9.1 That pending the institution and finalization of the proceedings to be instituted by the Respondents (as Applicants) against the Appellants (as 1st, 2nd and 3rd Respondents) to recover monies in excess of E2 000 000.00 (Two Million Emalangeni) defrauded and or unlawfully held and received by the 1st, 2nd and 3rd Appellants;
9.2 First National Bank in its capacity as the holding bank, be authorised to freeze account No. 6209007786 which account is in the name of the 1st, 2nd and / or 3rd Appellants.
9.3 Standard Bank, Nedbank, Swazi Bank and Swaziland Building Society be authorized to freeze any accounts they may have in the name of the 1st, 2nd and 3rd Appellants upon service of the interim order.
See Court order at pages 30- 32 of the record.
 The attorneys of the parties advanced their arguments on the 9 July 2015 filing Heads of Arguments. In the said Heads of Arguments of the Appellant’s attorney he has clearly addressed the issues for decision under various headings. I shall adopt in this judgment to assist a better understanding of the issues for decision. These being firstly “order obtained against 1st Appellant”; secondly “opposition to amendment”; thirdly “lack of authority to institute proceedings”; fourthly “requirements of an interdict” and other topics I shall advert to in the course of this judgment. I shall proceed to address these topics ad seriatim in the following paragraphs:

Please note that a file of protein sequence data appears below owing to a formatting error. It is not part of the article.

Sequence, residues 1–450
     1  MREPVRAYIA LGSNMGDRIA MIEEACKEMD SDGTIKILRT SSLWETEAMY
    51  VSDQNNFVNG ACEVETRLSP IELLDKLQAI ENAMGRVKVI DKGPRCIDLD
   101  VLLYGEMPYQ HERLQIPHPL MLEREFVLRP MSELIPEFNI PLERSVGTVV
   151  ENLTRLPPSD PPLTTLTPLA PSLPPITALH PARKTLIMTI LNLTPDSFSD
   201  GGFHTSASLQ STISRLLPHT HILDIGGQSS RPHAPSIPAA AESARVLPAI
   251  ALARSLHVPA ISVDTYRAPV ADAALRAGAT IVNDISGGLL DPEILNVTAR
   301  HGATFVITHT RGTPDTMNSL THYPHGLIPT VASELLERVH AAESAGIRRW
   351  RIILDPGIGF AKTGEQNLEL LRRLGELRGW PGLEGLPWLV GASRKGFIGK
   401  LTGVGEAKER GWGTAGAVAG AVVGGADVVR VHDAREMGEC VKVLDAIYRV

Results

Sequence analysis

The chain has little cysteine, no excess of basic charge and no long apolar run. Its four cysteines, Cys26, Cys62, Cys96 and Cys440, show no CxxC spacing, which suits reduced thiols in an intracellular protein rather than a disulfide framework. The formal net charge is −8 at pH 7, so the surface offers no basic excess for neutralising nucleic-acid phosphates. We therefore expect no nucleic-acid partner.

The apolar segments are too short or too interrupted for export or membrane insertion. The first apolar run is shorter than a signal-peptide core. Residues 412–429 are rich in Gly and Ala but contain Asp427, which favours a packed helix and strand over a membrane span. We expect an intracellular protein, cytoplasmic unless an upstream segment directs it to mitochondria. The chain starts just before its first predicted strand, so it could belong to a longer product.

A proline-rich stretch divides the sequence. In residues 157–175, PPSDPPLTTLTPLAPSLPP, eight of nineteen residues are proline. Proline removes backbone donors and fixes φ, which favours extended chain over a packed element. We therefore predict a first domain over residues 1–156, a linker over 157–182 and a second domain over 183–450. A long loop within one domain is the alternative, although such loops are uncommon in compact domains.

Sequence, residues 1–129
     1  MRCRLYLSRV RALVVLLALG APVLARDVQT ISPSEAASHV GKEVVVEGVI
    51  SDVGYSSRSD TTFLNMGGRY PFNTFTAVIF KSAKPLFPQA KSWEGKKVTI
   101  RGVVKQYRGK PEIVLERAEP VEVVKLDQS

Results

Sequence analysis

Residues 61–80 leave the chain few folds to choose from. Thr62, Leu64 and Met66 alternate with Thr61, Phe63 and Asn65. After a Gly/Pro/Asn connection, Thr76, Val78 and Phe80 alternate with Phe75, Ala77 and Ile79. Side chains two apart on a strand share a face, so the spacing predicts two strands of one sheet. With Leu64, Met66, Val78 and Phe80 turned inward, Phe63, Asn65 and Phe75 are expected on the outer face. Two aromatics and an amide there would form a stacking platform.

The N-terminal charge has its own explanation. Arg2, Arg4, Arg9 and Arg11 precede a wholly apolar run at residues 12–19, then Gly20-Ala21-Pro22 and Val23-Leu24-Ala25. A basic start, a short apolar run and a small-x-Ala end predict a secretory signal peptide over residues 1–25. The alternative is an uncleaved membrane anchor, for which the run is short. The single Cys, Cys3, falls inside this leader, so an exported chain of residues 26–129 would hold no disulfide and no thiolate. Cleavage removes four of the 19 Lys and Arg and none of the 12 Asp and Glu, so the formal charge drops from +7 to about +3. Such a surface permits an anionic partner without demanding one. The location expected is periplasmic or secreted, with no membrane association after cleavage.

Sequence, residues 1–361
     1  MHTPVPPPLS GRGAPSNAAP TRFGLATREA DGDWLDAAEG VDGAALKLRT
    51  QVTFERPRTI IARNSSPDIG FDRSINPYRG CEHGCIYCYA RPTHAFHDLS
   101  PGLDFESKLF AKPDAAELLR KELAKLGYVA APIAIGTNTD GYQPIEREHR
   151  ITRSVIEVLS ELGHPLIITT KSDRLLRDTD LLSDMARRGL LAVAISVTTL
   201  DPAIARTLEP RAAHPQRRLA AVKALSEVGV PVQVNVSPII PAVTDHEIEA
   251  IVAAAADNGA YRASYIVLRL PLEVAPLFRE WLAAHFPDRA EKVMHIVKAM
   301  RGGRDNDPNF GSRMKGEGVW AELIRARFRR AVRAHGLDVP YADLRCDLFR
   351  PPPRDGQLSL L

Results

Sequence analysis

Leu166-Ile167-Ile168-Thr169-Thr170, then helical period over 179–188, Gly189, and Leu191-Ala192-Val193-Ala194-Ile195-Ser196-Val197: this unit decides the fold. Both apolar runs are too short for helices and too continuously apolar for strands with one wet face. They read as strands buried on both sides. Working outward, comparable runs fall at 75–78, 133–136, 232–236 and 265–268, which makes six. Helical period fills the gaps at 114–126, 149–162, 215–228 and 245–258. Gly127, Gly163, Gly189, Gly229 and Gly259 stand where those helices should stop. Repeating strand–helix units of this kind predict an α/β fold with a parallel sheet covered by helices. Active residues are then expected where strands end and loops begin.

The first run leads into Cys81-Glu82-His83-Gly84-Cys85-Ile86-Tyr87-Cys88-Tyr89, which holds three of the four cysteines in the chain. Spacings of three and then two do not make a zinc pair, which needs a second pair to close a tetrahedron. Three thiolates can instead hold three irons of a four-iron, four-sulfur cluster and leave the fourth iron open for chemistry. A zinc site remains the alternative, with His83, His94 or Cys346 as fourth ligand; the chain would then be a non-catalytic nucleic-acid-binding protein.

(i) Court order not operating against 1st Appellant
 In respect of this Heads of Argument the attorney for the Appellants contended that it is clear from the court order itself that the 1st Respondent against what the operations was an entity or company cited as Wildlife Investments (Pty) Ltd (Wildlife) and not the 1st Appellant which is Wildfire Investments (Pty) Ltd (Wildfire). That indeed, the Certificate of Urgency, Notice or Motion and Founding Affidavit on which the court order in question was founded reference is made to Wildlife.
 On the other hand the Respondents contends that the Appellants in the application for leave to appeal refer to an application dated 29 January, 2014 which was an application to amend the name “Wildlife” to “Wildfire” and that this Application was because Appellants’ attorneys wrote the letter being “A6” 3 to the Registrar questioning the correctness of the name “Wildfire” on the consent order which has been made on 13 December 2014. That it was only after the appointment of the Appellant’s present attorney on 23 January, 2014 that the name of the first Appellant became an issue raised by them.